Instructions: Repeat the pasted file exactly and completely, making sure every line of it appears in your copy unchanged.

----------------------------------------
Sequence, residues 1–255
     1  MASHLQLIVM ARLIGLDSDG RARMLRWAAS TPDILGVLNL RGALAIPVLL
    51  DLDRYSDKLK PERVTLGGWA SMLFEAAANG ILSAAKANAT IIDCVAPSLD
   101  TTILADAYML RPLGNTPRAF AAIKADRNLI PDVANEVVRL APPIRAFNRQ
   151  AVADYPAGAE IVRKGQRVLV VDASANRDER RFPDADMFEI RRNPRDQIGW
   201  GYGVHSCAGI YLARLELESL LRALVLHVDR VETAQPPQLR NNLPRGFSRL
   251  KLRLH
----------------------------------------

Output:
Sequence, residues 1–255
     1  MASHLQLIVM ARLIGLDSDG RARMLRWAAS TPDILGVLNL RGALAIPVLL
    51  DLDRYSDKLK PERVTLGGWA SMLFEAAANG ILSAAKANAT IIDCVAPSLD
   101  TTILADAYML RPLGNTPRAF AAIKADRNLI PDVANEVVRL APPIRAFNRQ
   151  AVADYPAGAE IVRKGQRVLV VDASANRDER RFPDADMFEI RRNPRDQIGW
   201  GYGVHSCAGI YLARLELESL LRALVLHVDR VETAQPPQLR NNLPRGFSRL
   251  KLRLH